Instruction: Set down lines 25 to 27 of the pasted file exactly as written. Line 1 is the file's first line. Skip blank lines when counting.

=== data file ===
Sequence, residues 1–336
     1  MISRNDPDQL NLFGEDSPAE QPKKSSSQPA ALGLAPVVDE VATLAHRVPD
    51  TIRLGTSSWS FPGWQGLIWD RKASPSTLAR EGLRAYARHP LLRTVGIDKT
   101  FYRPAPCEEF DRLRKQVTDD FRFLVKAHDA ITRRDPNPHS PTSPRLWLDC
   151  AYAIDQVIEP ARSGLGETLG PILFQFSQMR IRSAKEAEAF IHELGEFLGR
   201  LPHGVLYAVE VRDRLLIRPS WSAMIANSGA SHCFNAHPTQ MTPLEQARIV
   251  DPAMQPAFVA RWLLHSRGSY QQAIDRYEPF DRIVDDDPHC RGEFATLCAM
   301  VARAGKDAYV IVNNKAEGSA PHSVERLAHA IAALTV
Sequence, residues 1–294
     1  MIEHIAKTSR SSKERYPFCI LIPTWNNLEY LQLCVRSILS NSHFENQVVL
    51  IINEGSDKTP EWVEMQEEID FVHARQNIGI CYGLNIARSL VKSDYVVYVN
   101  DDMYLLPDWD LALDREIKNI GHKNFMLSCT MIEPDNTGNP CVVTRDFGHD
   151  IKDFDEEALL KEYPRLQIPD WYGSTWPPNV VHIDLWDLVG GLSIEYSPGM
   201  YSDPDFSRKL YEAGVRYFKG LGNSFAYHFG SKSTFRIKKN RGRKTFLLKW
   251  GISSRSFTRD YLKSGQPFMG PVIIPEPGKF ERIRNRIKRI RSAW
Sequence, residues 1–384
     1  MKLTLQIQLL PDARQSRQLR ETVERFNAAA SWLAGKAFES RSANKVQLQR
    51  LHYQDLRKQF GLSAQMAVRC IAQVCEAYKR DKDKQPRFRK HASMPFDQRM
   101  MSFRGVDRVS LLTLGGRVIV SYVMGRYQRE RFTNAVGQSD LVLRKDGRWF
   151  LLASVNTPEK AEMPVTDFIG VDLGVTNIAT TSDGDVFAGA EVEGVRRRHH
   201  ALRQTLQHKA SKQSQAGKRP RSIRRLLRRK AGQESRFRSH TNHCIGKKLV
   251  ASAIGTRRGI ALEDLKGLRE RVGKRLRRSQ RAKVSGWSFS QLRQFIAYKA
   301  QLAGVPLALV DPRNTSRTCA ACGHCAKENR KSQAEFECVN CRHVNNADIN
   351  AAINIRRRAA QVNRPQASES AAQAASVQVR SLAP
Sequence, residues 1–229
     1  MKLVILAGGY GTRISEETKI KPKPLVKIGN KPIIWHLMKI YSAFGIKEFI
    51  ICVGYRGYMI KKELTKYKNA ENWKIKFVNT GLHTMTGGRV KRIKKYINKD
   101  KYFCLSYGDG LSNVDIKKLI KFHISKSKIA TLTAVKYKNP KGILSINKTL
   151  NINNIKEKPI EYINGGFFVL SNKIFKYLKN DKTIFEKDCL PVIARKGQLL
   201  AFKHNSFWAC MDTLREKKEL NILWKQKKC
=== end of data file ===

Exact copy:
Sequence, residues 1–229
     1  MKLVILAGGY GTRISEETKI KPKPLVKIGN KPIIWHLMKI YSAFGIKEFI
    51  ICVGYRGYMI KKELTKYKNA ENWKIKFVNT GLHTMTGGRV KRIKKYINKD